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"I talk to some important directors," says Red Dragon producer Dino De Laurentiis, 83, in his thick Italian accent. "Everybody is scared to do Red Dragon because Manhunter is good movie. But Hannibal Lecter is a two-dimensional character in Manhunter." Screenwriter Ted Tally (who also adapted Lambs) wasn't intimidated. "I didn't have any interest in re-creating Manhunter, which to me was kind of like a Miami Vice episode," says Tally. "I love the book." His script, which explores all the characters' psychological underpinnings, helped get the esteemed cast on board: Edward Norton as Will Graham, Ralph Fiennes as the serial killer and Philip Seymour Hoffman as a tabloid reporter who expires, memorably, in a speeding, flaming wheelchair.
Red Dragon opens with a scene borrowed from the Lambs novel, in which Lecter serves a musician to his unwitting dinner guests, and ends with an oblique reference to Starling. Lecter's cell from Lambs has also been re-created by production designer Kristi Zea. The references didn't come cheap, since the movie rights to Lambs still belong to MGM. This time, Universal avoided litigation by offering MGM a share of Red Dragon's box office.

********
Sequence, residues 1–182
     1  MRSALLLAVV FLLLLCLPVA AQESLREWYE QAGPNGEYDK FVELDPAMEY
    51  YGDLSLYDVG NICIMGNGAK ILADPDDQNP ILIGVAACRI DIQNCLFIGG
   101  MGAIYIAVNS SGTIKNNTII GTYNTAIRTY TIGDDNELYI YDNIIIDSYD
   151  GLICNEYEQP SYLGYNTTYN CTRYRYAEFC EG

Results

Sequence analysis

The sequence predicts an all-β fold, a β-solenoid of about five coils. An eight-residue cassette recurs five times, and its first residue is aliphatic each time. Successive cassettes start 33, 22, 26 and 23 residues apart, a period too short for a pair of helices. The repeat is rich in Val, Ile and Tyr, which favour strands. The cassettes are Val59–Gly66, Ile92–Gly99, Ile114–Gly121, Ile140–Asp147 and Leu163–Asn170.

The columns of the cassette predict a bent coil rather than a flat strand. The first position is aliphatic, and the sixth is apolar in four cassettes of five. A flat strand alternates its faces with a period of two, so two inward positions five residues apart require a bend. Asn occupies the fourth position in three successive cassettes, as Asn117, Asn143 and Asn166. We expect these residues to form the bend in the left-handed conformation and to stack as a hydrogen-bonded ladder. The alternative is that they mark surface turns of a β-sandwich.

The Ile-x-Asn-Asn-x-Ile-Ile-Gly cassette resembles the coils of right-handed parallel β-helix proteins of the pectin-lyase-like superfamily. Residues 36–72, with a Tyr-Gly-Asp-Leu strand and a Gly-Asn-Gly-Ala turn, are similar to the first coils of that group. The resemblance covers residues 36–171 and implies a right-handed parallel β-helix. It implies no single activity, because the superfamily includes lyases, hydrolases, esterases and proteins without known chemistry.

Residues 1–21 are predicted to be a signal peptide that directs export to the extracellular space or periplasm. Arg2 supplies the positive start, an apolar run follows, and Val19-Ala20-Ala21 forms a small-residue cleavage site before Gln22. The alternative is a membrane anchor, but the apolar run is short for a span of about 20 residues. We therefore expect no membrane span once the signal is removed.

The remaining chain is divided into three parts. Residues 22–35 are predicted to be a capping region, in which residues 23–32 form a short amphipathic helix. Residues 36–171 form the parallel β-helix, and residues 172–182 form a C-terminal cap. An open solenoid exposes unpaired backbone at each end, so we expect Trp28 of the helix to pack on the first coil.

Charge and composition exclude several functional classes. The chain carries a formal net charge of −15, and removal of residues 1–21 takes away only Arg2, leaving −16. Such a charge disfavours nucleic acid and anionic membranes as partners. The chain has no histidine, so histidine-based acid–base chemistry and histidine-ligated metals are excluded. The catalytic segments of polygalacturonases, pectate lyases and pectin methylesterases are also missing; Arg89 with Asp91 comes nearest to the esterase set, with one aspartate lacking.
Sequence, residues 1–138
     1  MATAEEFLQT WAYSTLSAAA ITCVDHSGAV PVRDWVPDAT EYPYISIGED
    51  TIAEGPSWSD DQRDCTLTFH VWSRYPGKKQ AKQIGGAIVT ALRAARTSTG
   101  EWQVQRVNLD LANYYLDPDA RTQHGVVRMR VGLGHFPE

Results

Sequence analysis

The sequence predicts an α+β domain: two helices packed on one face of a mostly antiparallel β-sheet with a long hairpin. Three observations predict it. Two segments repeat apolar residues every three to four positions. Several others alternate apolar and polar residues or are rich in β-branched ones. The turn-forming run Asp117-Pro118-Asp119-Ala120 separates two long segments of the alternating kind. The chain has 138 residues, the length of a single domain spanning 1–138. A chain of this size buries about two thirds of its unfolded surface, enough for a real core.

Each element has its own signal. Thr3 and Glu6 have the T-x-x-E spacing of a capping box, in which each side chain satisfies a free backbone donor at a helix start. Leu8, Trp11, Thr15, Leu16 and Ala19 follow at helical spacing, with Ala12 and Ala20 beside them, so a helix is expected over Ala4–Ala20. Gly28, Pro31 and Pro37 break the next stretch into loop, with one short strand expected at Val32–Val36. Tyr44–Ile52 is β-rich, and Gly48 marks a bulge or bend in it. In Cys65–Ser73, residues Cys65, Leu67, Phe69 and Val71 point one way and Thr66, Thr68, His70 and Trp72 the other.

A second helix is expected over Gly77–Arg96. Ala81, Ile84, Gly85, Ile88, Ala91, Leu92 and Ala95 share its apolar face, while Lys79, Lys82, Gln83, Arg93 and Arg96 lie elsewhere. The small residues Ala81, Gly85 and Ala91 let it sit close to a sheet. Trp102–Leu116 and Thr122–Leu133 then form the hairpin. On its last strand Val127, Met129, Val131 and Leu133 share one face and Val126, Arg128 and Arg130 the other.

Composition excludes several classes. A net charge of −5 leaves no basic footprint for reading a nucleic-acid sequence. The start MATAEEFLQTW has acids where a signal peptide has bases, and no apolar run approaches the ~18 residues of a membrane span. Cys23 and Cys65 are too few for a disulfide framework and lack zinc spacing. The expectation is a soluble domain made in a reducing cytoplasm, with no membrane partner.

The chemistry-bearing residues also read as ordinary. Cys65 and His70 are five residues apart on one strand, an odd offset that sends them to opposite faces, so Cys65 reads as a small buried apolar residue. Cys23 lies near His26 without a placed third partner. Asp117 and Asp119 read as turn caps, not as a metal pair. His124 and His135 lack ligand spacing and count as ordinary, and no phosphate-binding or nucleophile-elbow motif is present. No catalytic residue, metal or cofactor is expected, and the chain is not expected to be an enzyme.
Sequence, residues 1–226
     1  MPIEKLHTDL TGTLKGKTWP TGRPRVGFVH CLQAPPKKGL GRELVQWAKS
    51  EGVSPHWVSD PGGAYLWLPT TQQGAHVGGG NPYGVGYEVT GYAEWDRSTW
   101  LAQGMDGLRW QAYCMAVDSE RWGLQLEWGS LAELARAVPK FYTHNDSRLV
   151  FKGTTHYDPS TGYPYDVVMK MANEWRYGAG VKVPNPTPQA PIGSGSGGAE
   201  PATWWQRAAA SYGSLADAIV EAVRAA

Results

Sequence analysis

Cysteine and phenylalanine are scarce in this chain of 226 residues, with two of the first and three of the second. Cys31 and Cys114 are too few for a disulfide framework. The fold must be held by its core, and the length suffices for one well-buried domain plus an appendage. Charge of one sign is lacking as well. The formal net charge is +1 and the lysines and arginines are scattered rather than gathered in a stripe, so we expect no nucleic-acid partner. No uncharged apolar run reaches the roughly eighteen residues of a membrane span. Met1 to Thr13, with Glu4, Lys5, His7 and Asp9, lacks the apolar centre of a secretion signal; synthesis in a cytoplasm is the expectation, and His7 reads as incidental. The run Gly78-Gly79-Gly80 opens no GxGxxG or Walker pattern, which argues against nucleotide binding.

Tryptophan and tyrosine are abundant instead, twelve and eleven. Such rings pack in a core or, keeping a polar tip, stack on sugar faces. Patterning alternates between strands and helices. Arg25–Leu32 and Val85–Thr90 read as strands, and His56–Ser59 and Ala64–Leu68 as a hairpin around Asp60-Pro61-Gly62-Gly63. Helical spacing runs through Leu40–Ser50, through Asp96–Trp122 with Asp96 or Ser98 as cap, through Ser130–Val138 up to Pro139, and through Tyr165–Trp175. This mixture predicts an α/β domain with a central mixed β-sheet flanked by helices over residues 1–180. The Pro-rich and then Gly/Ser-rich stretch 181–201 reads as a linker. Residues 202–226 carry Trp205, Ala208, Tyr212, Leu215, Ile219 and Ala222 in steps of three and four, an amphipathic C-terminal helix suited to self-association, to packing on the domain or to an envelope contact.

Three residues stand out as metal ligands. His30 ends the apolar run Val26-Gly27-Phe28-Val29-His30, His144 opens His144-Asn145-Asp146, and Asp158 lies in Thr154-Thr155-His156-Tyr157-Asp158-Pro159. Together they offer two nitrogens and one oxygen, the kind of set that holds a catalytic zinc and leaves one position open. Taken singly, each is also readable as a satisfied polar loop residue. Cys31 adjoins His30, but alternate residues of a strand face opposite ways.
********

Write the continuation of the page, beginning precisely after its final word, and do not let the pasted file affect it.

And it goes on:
The question is, With all three of Harris' Lecter books having been filmed at least once, what happens to the franchise? The secretive author is not expected to write another Lecter novel anytime soon (if ever). "He takes several years to do a book," says Harris' agent, Mort Janklow. "I have no idea whether his next project is going to have Hannibal." Hopkins says he's through playing the role: "I've done my act, and I've got no more to show."
But Hopkins also tells friends how much he loves playing the part. And De Laurentiis has approached Tally about writing yet another Lecter screenplay--with or without a Harris book. "In Hollywood you can never say never," says Tally. "But what would it be? Hannibal Lecter in an old folks' home? As an elementary school kid? As a fetus? I don't know. Dino says, 'Maybe we'll do a television series!'"
Tally laughs, but at least one person close to the author (he declined to be interviewed) says Harris may be willing to work with a screenwriter. Universal production exec Mary Parent chooses her words carefully: "There have not been hard conversations [about that prospect]." Don't be surprised to find Lecter eating lunch in this town again. --With reporting by Heather Won Tesoriero